Valsaria Ces. & De Not. 1863KC01 [incl. Hypoxylonopsis Henn. 1904KC01, Phaeocreopsis Saccardo & Sydow in Lindau 1900RS99, Phaeosperma (Sacc.) Traverso 1906 nec Nitschke ex Otth 1869 nec Nitschke ex Fuckel 1870KC01, Pseudothyridaria Petr. 1925KC01; Valsariales]

Valsaria rubricosa [incl. Valsaria cinnamomi, Valsonectria cinnamomi, Hypocreopsis hypoxyloides Spegazzini 1899, *Phaeocreopsis hypoxyloides (Spegazzini) Saccardo & Sydow in Lindau 1900, Valsaria hypoxyloides, Valsonectria hypoxyloides, P. pezizaeformis, Hypocreopsis pezizaeformis, Valsonectria reticulata]RS99

*Type species of generic name indicated


Ellison, A. M., M. S. Bank, B. D. Clinton, E. A. Colburn, K. Elliott, C. R. Ford, D. R. Foster, B. D. Kloeppel, J. D. Knoepp, G. M. Lovett, J. Mohan, D. A. Orwig, N. L. Rodenhouse, W. V. Sobczak, K. A. Stinson, J. K. Stone, C. M. Swan, J. Thompson, B. Von Holle & J. R. Webster. 2005. Loss of foundation species: consequences for the structure and dynamics of forested ecosystems. Frontiers in Ecology and the Environment 3 (9): 479–486.

[EB03] Eriksson, O. E., H. O. Barah, R. S. Currah, K. Hansen, C. P. Kurtzman, G. Rambold & T. Laessøe (eds.) 2003. Outline of Ascomycota—2003. Myconet 9: 1–89.

Heiniger, U., & D. Rigling. 1994. Biological control of chestnut blight in Europe. Annual Review of Phytopathology 32: 581–599.

[HM17] Hongsanan, S., S. S. N. Maharachchikumbura, K. D. Hyde, M. C. Samarakoon, R. Jeewon, Q. Zhao, A. M. Al-Sadi & A. H. Bahkali. 2017. An updated phylogeny of Sordariomycetes based on phylogenetic and molecular clock evidence. Fungal Diversity 84: 25–41.

Inderbitzin, P., & M. L. Berbee. 2001. Lollipopaia minuta from Thailand, a new genus and species of the Diaporthales (Ascomycetes, Fungi) based on morphological and molecular data. Canadian Journal of Botany 79: 1099–1106.

[KC01] Kirk, P. M., P. F. Cannon, J. C. David & J. A. Stalpers. 2001. Ainsworth & Bisby’s Dictionary of the Fungi 9th ed. CAB International: Wallingford (UK).

[LK04] Lutzoni, F., F. Kauff, C. J. Cox, D. McLaughlin, G. Celio, B. Dentinger, M. Padamsee, D. Hibbett, T. Y. James, E. Baloch, M. Grube, V. Reeb, V. Hofstetter, C. Schoch, A. E. Arnold, J. Miadlikowska, J. Spatafora, D. Johnson, S. Hambleton, M. Crockett, R. Shoemaker, G.-H. Sung, R. Lücking, T. Lumbsch, K. O’Donnell, M. Binder, P. Diederich, D. Ertz, C. Gueidan, K. Hansen, R. C. Harris, K. Hosaka, Y.-W. Lim, B. Matheny, H. Nishida, D. Pfister, J. Rogers, A. Rossman, I. Schmitt, H. Sipman, J. Stone, J. Sugiyama, R. Yahr & R. Vilgalys. 2004. Assembling the fungal tree of life: progress, classification, and evolution of subcellular traits. American Journal of Botany 91 (10): 1446–1480.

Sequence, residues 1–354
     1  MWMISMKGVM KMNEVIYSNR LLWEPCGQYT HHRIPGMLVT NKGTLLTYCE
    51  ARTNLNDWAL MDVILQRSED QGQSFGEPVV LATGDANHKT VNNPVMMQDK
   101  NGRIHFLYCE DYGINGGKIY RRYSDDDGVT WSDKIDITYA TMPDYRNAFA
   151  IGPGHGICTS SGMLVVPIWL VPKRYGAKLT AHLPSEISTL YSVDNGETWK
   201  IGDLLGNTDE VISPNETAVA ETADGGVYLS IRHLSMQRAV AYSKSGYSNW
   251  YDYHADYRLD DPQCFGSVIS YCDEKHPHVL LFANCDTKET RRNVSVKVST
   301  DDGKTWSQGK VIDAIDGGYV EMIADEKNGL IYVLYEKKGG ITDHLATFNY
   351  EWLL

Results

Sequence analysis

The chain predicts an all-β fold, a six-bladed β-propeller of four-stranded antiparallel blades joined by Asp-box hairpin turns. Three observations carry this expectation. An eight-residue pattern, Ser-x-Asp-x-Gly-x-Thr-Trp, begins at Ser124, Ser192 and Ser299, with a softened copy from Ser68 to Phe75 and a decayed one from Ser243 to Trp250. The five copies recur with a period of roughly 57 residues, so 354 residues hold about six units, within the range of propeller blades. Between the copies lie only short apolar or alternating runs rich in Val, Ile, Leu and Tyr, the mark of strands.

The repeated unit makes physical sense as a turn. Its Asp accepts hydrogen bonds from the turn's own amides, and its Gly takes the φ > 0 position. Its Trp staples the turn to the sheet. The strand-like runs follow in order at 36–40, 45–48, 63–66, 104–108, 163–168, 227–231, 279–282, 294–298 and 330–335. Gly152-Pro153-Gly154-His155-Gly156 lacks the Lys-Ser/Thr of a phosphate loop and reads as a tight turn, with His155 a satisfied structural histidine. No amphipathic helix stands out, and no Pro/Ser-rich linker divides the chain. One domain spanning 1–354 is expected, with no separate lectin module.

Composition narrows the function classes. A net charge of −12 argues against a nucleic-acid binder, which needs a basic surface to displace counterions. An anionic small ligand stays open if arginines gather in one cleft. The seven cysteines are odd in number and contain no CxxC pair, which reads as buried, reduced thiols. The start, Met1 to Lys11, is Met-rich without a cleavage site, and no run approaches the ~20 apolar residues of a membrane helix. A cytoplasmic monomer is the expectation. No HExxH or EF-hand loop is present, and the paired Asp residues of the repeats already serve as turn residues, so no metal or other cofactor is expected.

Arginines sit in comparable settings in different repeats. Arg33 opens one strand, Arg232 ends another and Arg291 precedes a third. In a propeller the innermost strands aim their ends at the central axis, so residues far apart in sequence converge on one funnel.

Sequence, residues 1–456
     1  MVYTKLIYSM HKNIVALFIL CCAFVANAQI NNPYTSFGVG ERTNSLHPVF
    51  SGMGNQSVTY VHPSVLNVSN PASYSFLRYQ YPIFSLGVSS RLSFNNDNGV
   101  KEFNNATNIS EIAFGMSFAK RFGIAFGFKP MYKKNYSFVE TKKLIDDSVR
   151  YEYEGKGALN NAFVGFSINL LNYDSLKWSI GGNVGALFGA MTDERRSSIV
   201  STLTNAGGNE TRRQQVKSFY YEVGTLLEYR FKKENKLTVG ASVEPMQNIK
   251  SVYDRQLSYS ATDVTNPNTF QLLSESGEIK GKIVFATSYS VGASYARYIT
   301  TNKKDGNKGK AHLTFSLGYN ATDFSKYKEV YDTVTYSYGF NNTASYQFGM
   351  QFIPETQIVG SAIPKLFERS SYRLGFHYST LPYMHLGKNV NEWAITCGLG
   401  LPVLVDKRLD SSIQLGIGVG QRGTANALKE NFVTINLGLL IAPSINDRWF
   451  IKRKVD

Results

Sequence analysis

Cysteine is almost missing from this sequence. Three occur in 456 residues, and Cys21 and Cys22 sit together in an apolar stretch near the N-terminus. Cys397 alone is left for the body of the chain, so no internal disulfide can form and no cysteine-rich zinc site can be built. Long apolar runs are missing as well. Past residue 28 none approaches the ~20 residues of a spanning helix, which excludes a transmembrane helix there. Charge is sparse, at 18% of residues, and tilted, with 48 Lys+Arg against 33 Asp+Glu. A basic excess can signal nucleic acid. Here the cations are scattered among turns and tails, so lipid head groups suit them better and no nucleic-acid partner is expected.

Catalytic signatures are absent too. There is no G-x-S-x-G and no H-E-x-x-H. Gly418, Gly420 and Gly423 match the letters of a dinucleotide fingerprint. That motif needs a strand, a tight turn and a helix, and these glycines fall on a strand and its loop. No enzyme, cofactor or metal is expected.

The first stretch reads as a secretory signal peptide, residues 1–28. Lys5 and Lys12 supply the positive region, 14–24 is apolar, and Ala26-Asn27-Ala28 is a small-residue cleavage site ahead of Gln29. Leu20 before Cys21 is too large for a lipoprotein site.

Milgroom, M. G., & P. Cortesi. 2004. Biological control of chestnut blight with hypovirulence: a critical analysis. Annual Review of Phytopathology 42: 311–338.

[M27] Murray, B. J. 1927. Four fungi on the endemic species of Rubus in New Zealand. Transactions and Proceedings of the New Zealand Institute 57: 218–225.

Rossmann, A. Y., D. F. Farr & L. A. Castlebury. 2007. A review of the phylogeny and biology of the Diaporthales. Mycoscience 48: 135–144.

[RS99] Rossman, A. Y., G. J. Samuels, C. T. Rogerson & R. Lowen. 1999. Genera of Bionectriaceae, Hypocreaceae and Nectriaceae (Hypocreales, Ascomycetes). Studies in Mycology 42: 1–248.

[SS09] Schoch, C. L., G.-H. Sung, F. López-Giráldez, J. P. Townsend, J. Miadlikowska, V. Hofstetter, B. Robbertse, P. B. Matheny, F. Kauff, Z. Wang, C. Gueidan, R. M. Andrie, K. Trippe, L. M. Ciufetti, A. Wynns, E. Fraker, B. P. Hodkinson, G. Bonito, J. Z. Groenewald, M. Arzanlou, G. S. de Hoog, P. W. Crous, D. Hewitt, D. H. Pfister, K. Peterson, M. Gryzenhout, M. J. Wingfield, A. Aptroot, S.-O. Suh, M. Blackwell, D. M. Hillis, G. W. Griffith, L. A. Castlebury, A. Y. Rossman, H. T. Lumbsch, R. Lücking, B. Büdel, A. Rauhut, P. Diederich, D. Ertz, D. M. Geiser, K. Hosaka, P. Inderbitzin, J. Kohlmeyer, B. Volkmann-Kohlmeyer, L. Mostert, K. O’Donnell, H. Sipman, J. D. Rogers, R. A. Shoemaker, J. Sugiyama, R. C. Summerbell, W. Untereiner, P. R. Johnston, S. Stenroos, A. Zuccaro, P. S. Dyer, P. D. Crittenden, M. S. Cole, K. Hansen, J. M. Trappe, R. Yahr, F. Lutzoni & J. W. Spatafora. 2009. The Ascomycota tree of life: a phylum-wide phylogeny clarifies the origin and evolution of fundamental reproductive and ecological traits. Systematic Biology 58 (2): 224–239.

[SS16] Sydow, H., & P. Sydow. 1916. Fungi papuani. Die von C. Ledermann in Neu-Guinea gesammelten Pilze. Botanische Jahrbücher für Systematik, Pflanzengeschichte und Pflanzengeographie 54: 246–261.